Kean University School of Computer Science Executive Director Patricia Morreale, Ph.D., has joined the ranks of Nobel laureates and science pioneers as a fellow of the American Association for the Advancement of Science (AAAS).
Morreale was elected to AAAS “for exceptional leadership and service to advance diversity in computing and for substantial research in multimedia systems and networks.” Kean’s first AAAS fellow, Morreale joins Thomas Edison, Grace Hopper and others similarly recognized by AAAS for achievements in advancing science.
“It’s wonderful. I’m very honored,” said Morreale, who has been at Kean since 2006, and became the founding executive director of the School of Computer Science in 2017. “It is an exemplar of the types of initiatives at Kean University. It’s great recognition for the University, and I’m happy to be in the company of all the other folks who were awarded this recognition.
“Any time a professor or a program receives distinction, it’s very important. It just means more continued good things for the students,” she said.
Morreale is an active and energetic proponent of diversity in computing and led efforts to successfully increase diversity in the computer science school at Kean. Currently, about 50 percent of students majoring in the computer science programs come from ethnicities that are underrepresented in computing, she said. Efforts are ongoing to increase the number of women computer science majors at Kean.
Nationally, Morreale is a member of National Center for Women and Information Technology’s Academic Alliance Advisory Committee and leads committees on faculty excellence with both the Computing Research Association and the Council of Undergraduate Research. Her research on error-detection in multimedia systems and networks has been patented, and she continues her research on secure system design and interaction at Kean.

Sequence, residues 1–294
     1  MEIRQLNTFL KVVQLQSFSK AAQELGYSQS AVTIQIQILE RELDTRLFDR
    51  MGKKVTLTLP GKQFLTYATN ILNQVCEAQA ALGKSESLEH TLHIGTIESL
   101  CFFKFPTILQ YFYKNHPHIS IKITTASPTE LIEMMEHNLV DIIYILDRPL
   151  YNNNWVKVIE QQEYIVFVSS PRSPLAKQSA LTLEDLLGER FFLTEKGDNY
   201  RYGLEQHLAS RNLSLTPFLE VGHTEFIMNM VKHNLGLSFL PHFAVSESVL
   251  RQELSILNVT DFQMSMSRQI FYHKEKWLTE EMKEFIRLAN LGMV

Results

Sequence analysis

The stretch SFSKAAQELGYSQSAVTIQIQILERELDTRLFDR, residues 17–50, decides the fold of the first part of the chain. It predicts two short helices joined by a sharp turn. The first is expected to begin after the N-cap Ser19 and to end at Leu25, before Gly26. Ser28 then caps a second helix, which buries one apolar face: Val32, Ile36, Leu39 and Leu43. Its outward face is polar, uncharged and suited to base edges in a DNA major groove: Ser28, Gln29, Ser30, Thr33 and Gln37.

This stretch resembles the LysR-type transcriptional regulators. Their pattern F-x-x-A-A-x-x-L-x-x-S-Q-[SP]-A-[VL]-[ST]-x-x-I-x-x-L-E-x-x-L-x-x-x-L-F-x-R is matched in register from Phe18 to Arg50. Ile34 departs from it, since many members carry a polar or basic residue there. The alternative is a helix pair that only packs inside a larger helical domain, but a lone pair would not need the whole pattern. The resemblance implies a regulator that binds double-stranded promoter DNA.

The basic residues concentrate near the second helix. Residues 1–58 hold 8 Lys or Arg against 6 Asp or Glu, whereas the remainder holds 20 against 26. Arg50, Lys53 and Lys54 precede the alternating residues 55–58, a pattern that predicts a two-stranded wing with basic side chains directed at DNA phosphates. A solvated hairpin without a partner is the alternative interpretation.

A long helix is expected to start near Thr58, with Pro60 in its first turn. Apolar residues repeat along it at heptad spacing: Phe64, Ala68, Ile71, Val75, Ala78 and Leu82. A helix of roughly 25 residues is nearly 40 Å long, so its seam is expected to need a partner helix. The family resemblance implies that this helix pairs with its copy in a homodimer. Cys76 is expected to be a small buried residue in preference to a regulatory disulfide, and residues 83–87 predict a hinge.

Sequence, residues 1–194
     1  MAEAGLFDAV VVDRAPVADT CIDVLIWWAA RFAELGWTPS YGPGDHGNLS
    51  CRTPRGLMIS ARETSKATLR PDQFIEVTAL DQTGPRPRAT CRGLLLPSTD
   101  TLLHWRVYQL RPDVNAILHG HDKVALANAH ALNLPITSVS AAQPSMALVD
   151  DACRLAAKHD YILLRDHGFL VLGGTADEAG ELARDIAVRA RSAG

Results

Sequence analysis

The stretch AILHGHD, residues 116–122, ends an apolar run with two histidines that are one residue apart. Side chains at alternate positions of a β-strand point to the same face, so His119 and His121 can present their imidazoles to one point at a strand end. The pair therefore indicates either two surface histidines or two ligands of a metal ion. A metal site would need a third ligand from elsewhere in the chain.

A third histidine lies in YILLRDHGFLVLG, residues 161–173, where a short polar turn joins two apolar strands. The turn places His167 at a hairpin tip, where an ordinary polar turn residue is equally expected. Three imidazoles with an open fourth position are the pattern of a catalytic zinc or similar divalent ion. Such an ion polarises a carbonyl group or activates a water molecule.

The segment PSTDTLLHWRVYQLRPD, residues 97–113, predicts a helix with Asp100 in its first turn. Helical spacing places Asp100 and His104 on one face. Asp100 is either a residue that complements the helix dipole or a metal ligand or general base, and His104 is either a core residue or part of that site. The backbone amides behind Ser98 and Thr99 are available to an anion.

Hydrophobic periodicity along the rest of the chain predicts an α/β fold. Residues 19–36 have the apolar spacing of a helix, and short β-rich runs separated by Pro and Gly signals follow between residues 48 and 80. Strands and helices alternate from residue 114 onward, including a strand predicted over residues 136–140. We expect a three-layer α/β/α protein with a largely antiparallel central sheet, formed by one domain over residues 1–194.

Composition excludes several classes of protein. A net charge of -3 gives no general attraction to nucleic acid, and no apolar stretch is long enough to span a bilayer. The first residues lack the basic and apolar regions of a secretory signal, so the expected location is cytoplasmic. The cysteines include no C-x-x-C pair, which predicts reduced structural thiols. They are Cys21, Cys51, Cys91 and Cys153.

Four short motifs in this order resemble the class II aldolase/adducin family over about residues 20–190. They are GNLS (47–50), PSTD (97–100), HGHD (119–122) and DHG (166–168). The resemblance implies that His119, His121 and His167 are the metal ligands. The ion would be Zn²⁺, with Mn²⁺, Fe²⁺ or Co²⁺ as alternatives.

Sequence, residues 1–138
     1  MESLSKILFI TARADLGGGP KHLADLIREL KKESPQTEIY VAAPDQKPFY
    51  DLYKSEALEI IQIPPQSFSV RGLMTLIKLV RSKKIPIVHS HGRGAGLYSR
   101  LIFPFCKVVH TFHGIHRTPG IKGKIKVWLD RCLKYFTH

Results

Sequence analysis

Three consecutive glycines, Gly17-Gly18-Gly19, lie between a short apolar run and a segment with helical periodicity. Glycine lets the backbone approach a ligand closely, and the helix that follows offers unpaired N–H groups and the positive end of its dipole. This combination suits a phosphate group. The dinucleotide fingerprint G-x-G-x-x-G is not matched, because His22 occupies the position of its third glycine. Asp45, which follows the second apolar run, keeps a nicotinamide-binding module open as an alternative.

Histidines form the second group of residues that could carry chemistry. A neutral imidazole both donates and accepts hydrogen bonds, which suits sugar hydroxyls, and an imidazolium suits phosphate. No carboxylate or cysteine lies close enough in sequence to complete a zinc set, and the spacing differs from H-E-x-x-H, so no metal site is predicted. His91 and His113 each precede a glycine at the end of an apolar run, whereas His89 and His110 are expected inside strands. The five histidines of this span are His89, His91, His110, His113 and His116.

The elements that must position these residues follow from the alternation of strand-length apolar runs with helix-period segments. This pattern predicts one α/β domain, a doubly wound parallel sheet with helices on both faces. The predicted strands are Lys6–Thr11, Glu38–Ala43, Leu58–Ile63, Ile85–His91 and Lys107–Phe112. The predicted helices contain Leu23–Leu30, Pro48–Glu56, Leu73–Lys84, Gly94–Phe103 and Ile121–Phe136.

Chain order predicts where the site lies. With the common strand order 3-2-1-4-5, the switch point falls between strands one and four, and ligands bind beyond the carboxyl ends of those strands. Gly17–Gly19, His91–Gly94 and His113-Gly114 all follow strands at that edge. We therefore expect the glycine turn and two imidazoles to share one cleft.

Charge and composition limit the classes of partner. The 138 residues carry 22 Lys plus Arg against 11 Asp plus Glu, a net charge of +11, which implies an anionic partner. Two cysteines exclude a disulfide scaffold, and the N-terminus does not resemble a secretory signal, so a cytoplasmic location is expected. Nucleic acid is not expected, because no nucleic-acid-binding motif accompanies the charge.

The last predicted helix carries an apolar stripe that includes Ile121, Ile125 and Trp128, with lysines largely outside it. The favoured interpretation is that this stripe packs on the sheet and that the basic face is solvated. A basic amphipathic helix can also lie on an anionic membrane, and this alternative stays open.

“This high honor recognizes Dr. Morreale’s contributions on a national scale and is incredibly well deserved,” said Kean President Dawood Farahi, Ph.D. “Our students are fortunate to benefit from her expertise in computer science and her dedication to her students and their success.”
Kean students are offered a rich array of opportunities to conduct research and attend national conferences and events. The honor given Morreale is likely to enhance that, she said.
“It helps with our national visibility. It keeps me aware of opportunities for students on a national stage,” she said. “We just keep trying to open more doors. We want to make opportunities available, and let students make the choice whether to go through the door.”
Morreale is one of 416 scientists receiving the lifetime honor. They represent prestigious universities and institutions throughout the nation, including Harvard University, Johns Hopkins University, Cornell University, Yale University, Columbia University, Massachusetts Institute of Technology, the Smithsonian Institution, the Jet Propulsion Laboratory and Los Alamos National Laboratory.
“This recognition of Dr. Morreale as an AAAS fellow recognizes her significant contributions to advance the field of computer science and her steadfast dedication to mentoring students,” said Jeffrey H. Toney, Ph.D., Kean’s provost and vice president for academic affairs. “She embodies the spirit of inclusiveness and diversity at Kean as well as the University’s focus on academic excellence.”
Morreale received her bachelor’s degree from Northwestern University; her master’s degree from Missouri University of Science and Technology; and her doctorate from Illinois Institute of Technology. All three degrees were in computer science.
“Kean is fortunate to have such an excellent leader, educator and scholar on our team,” said George Chang, Ph.D., dean of the College of Natural, Applied and Health Sciences. “Dr. Morreale is dedicated to improving and expanding our computer science and information technology offerings at Kean.”
The AAAS annual tradition of recognizing leading scientists as fellows dates to 1874. Since then, AAAS has honored distinguished scientists such as astronomer Maria Mitchell, elected a fellow in 1875, and chemist Linus Pauling (1939), in addition to inventor Edison (1878),